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Where did the German Schmid family come from? What is the German Schmid family crest and coat of arms? When did the Schmid family first arrive in the United States? Where did the various branches of the family go? What is the Schmid family history?
In the medieval era, many different cultural groups lived in the German states. There are thus many regional variations of German surnames from that era. Westphalians spoke Low German, which is similar to modern Dutch. Many German names carry suffixes that identify where they came from. Others have phrases attached that identify something about the original bearer. Other variations in German names resulted from the fact that medieval scribes worked without the aid of any spelling rules. The spelling variations of the name Schmid include Schmidt (northern Germany), Schmid (southern Germany), Schmitz (Rhineland), Schmied, Schmitt, Smith (English) and many more.
First found in the northern provinces that were later to make up Prussia, where the name emerged in mediaeval times as one of the notable families of the region.
This web page shows only a small excerpt of our Schmid research. Another 361 words (26 lines of text) covering the years 1537, 1564, 1618, 1630, 1648, 1708, 1752, 1764, 1766, 1768, 1787, 1815, 1817, 1837, 1838, 1849, 1853, 1854, 1875, 1876, and 1880 are included under the topic Early Schmid History in all our PDF Extended History products.
Another 122 words (9 lines of text) are included under the topic Early Schmid Notables in all our PDF Extended History products.
Prussia played an extremely influential role in shaping modern German history. It remained a part of Germany until after the Second World War. Prussia was divided among the Soviet Union, Poland, East Germany and West Germany. Many Prussians became residents of these new countries after the War, and many migrated to other parts of Germany or Europe, as well as to North America. In the United States, the majority of settlers landed in Philadelphia, and moved on to Ohio, Texas, Illinois, California, New York, and Maryland. Many German settlers also migrated to Canada, particularly to Ontario and the Prairies. Amongst the settlers in North America with this distinguished name Schmid were
Schmid Settlers in United States in the 18th Century
- Adam Schmid, who arrived in New York in 1709
- Bernhard Schmid, who arrived in New York in 1709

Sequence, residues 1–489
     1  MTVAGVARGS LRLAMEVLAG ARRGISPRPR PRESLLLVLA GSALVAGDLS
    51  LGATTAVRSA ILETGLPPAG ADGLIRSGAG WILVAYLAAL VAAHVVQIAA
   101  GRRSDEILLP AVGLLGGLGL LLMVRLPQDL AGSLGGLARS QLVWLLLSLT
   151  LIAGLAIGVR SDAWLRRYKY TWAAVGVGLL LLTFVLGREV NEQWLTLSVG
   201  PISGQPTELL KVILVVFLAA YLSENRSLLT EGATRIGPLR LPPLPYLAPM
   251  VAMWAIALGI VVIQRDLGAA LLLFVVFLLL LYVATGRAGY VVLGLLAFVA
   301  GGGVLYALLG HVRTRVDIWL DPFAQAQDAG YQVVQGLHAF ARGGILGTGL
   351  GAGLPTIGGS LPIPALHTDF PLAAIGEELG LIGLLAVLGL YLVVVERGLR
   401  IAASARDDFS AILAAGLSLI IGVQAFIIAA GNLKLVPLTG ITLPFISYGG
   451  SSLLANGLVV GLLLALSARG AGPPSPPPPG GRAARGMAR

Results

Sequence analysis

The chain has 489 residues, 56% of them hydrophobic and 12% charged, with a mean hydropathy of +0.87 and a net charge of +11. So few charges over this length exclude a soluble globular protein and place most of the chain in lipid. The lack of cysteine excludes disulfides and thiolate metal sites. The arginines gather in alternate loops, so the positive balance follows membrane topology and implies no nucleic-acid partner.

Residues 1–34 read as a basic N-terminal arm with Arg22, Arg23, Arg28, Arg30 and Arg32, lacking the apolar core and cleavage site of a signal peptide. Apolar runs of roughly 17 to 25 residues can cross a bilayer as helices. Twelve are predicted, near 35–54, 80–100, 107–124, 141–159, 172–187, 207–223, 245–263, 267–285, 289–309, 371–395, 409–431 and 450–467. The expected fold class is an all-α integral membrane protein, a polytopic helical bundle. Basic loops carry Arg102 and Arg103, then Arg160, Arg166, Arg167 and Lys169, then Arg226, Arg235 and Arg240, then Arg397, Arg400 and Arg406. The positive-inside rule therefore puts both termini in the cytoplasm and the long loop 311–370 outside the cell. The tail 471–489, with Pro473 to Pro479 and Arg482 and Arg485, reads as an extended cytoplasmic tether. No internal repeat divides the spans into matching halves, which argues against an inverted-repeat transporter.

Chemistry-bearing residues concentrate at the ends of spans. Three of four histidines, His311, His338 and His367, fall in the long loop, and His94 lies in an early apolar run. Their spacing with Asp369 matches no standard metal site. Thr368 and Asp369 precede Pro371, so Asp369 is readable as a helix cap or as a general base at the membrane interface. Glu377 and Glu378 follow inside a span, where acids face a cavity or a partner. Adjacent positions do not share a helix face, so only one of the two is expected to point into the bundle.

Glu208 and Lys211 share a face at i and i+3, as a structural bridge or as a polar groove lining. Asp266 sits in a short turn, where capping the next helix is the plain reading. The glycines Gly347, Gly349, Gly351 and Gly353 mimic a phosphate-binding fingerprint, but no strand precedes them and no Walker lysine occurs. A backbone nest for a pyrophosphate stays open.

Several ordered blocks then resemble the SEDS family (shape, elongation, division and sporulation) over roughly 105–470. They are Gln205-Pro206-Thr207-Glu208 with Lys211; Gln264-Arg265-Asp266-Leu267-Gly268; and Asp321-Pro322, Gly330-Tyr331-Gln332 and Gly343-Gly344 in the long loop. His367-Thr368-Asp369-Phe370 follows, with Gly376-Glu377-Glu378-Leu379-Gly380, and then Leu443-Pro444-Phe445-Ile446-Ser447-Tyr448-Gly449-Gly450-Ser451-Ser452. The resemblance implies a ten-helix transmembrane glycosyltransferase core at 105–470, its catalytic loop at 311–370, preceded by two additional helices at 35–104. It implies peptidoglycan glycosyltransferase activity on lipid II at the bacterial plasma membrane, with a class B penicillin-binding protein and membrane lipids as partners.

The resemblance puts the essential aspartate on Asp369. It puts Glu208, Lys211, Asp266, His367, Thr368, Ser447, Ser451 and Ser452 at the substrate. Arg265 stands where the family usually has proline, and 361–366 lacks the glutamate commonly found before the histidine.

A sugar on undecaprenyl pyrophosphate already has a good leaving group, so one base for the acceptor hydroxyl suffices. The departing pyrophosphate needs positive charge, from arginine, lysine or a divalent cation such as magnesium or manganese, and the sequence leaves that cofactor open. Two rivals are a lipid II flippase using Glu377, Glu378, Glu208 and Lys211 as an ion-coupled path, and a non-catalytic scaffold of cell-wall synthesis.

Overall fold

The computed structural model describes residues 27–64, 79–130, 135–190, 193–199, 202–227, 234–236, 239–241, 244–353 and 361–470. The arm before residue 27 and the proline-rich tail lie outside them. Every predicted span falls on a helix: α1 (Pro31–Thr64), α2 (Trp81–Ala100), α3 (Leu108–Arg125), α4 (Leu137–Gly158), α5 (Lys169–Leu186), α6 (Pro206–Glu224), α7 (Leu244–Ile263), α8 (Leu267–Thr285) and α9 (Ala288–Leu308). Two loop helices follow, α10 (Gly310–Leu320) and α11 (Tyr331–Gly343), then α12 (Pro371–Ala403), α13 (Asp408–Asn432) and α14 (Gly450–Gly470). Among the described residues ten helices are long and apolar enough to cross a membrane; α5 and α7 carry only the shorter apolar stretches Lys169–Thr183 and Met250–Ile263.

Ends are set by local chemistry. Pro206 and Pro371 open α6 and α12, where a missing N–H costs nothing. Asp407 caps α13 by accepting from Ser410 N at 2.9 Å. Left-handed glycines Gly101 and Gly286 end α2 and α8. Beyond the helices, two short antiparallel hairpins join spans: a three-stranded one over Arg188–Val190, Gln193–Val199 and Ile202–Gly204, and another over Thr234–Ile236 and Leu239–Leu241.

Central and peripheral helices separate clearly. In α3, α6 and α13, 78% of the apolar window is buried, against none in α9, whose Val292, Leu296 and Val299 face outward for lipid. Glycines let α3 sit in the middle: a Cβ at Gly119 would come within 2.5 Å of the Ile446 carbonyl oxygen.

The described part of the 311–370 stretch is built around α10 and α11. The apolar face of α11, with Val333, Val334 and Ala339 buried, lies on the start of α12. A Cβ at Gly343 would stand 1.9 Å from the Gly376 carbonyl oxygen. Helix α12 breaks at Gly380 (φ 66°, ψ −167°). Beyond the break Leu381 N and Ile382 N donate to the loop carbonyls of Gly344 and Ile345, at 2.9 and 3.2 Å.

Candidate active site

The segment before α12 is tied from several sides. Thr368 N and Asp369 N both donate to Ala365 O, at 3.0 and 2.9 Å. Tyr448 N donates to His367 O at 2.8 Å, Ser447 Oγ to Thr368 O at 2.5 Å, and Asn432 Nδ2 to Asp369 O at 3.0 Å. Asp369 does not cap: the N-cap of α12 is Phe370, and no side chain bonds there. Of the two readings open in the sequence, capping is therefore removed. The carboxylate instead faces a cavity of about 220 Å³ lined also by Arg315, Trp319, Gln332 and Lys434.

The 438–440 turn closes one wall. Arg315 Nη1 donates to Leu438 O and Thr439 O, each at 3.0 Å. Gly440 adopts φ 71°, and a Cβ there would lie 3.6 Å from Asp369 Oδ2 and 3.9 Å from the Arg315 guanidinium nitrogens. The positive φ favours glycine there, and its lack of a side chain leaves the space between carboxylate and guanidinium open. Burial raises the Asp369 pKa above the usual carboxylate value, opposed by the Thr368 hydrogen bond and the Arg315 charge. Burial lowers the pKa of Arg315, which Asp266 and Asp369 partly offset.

- Georg Schmid, who landed in New York in 1709-1710
- Georg Adam Schmid, who arrived in New York in 1709
- Harwich Schmid, who arrived in New York in 1709-1710
Schmid Settlers in United States in the 19th Century
- Geo Fredk Schmid, who arrived in Philadelphia, Pennsylvania in 1805
- Jac Schmid, who arrived in America in 1807
- Joh Conrad Schmid, who arrived in America in 1807
- Katharina Friederike Schmid, who arrived in America in 1820
- Johann Schmid, aged 26, arrived in New York, NY in 1848
Schmid Settlers in Canada in the 19th Century
- Johann Christian Schmid, who landed in Quebec in 1850
- Theophilis Schmid, American Republican politician, Presidential Elector for Illinois, 1920; Alternate Delegate to Republican National Convention from Illinois, 1924
- Robert D. Schmid, American politician, Mayor of Novi, Michigan, 1981-85
- Perl S. Schmid, American politician, Mayor of Coffeyville, Kansas, 1993-94
- Michael Schmid, American Democrat politician, Delegate to Democratic National Convention from Missouri, 2004
- John A. Schmid, American Democrat politician, Candidate for New York State Assembly from Erie County 7th District, 1926
- Frederick Schmid, American politician, Member of New York State Assembly from Kings County 19th District, 1896-99
- Erwin E. Schmid, American Democrat politician, Hardware and furniture dealer ; Candidate in primary for Mayor of Ann Arbor, Michigan, 1915
- Carl Schmid (b. 1960), American Republican politician, Delegate to Republican National Convention from District of Columbia, 2000 (alternate), 2004
- August F. Schmid, American politician, Member of New York State Assembly from Kings County 14th District, 1898-99
- Allan C. Schmid, American Republican politician, Candidate in primary for Delegate to Michigan State Constitutional Convention from Saginaw County 1st District, 1961
- Filby, P. William and Mary K Meyer. Passenger and Immigration Lists Index in Four Volumes. Detroit: Gale Research, 1985. Print. (ISBN 0-8103-1795-8).
- Bentley, Elizabeth P. Passenger Arrivals at the Port of New York 1820-1829. Baltimore, Maryland: Genealogical Publishing Co., 1999. Print.
- Kneschke, Dr. Ernest Heinrich. Neues allgemeines Deutsches Adels-Lexicon 9 Volumes New General German Aristocracy Lexicon. Leipzig: Friedrich Voigt, 1859. Print.
- Fogleman, Aaron Spencer. Journeys German Immigration, Settlement and Political Culture in Colonial America 1717-1775. Philadelphia: University of Pennsylvania Press, 1986. Print. (ISBN 978-0812215489).
- Hildenbrand, A.M. Wappenfibel. Handbuch der Heraldik. Neustadt an der Aisch: 1970. Print.
- Preuss, Otto. Die Lippischen Familiennamen mit Berücksichtigung der Ortsnamen. Detmold: Meyer'sche Hofbuchh, 1887. Print.
- Bahlow, Hans and Edda Gentry. Translation Dictionary of German Names 2nd Edition. Madison: University of Wisconsin, 2002. Print.
- Colletta, John P. They Came In Ships. Salt Lake City: Ancestry, 1993. Print.
- Bolton, Charles Knowles. Bolton's American Armory. Baltimore: Heraldic Book Company, 1964. Print.
- Zieber, Eugene. Heraldry in America. Philadelphia: Genealogical Publishing Co. Print.
The Schmid Family Crest was acquired from the Houseofnames.com archives. The Schmid Family Crest was drawn according to heraldic standards based on published blazons. We generally include the oldest published family crest once associated with each surname.
This page was last modified on 19 October 2015 at 09:18.
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